bodies in rhythm: on meaning-making Mar 22, 2018

by Imana Gunawan

A response to In a Rhythm by Bebe Miller Company (Mar 15-18, 2018) (Photo: Robert Altman)


What do we mean when we talk about “the potential” of dance?

Maybe we think of how it’s primal, how it’s universal, how everybody can find ways to relate to it. Its universality is something I often hear being touted as a virtue, especially these days. Artistic directors, cultural leaders, dancemakers rush to breathlessly use the aforementioned virtue to emphasize the value of dance in these “now more than ever” times — and for good reason. It’s a time when seemingly simple disagreements may actually reflect deeper, more fundamental differences in understanding of humanity.

But lately, I’ve found myself thinking less about the universality of dance, but more about whether we actually understand how differently we all relate to dance. And how that difference has everything to do with the ways that we understand the world outside of what we know to be dance.

Witnessing Bebe and her company, I found myself analyzing the value systems that is often considered truth within our contemporary concert dance universe. And obviously, how those value systems are undoubtedly influenced by a select few (care to guess who those people are?)


Bebe asked —
How do we perceive meaning? What do we understand to be the syntactic elements that create a “context” for dance?
Is it time?
Is it space?
Is it energy?
Sure. But what else?


Some proposals —
Consider: physicality, and the movement vocabularies used in a dance.
Where did those movements come from? What were the social, economic, and political environments in which those movements originated? Who created those movements, and who gets to do those movements now?
Consider: the bodies on the stage.
Or the lack of certain bodies on the stage
Consider: the socioeconomic circumstances of who gets to pay to witness these movements.
Who’s in front of and behind the fourth wall? How did they get there? How much did they pay?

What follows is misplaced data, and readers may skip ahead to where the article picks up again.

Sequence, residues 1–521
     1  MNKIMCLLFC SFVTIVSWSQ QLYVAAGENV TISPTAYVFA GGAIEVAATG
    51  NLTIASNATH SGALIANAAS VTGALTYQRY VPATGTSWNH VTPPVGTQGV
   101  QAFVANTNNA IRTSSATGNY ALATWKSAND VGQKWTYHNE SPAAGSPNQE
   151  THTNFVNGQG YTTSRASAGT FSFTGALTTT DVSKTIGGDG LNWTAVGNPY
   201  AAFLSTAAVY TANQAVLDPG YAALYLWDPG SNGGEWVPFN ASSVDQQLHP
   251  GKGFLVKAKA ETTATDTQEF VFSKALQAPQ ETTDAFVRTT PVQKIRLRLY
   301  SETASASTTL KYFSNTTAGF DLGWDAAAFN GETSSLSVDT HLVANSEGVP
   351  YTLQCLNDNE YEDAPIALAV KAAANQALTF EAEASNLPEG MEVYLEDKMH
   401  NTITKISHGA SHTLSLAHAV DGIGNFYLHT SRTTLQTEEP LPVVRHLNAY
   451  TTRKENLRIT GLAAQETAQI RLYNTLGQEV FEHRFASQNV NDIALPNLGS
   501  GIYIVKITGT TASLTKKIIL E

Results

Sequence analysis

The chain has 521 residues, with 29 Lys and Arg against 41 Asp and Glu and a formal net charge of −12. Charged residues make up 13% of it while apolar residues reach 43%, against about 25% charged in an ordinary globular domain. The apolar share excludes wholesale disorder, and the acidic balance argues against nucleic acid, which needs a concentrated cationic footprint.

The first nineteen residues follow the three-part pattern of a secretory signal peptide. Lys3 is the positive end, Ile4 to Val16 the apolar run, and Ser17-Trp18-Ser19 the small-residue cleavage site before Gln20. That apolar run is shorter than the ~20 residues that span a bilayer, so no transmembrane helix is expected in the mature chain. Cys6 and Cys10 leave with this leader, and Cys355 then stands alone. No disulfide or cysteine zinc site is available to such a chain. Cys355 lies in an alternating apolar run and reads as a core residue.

Consider: the performativity
Are these performers human? Are they a vessel? Are they tools to convey patterns? What are the possibilities for how performers convey meaning with just their presence?

I think these, too, create context, which in turn create meaning.

But lastly, let’s not forget the most important syntactic tool —
Consider: the bodies on the stage (or the lack of certain bodies on stage)


It was said during the show that reading good writing shouldn’t feel like reading a written work. It should feel like the words just surround you, and suddenly you’re swimming in the character’s stories. You live in their world.

What Bebe and her company made clear to me was how watching dance shouldn’t feel like watching the actual dance steps. It isn’t about the technicalities. It’s more than just how you manipulate time and space. The movements don’t matter as much, because the movements are tools. In the end, all you’re left with are the body’s stories. (And when there’s only one type of body on stage, we limit the range of meaning that can be extracted of our works). As Bebe said, “It’s all here.” Here on this white marley — a blank canvas — is history rearranged. It encompasses the social, the political, the economic, the spiritual. It can’t not encompass all those things, because all these systems and institutions, these ideas of time and space and energy start with one thing: a body.

And when that body moves in a rhythm, a universe of potential interpretations are unleashed. The best part? That universe is an awfully big enough place that each of those interpretations can be right, even when we all disagree.




Imana Gunawan is a Texas-born Indonesian multimedia journalist, dance artist, writer, audio producer, and member of Au Collective. 


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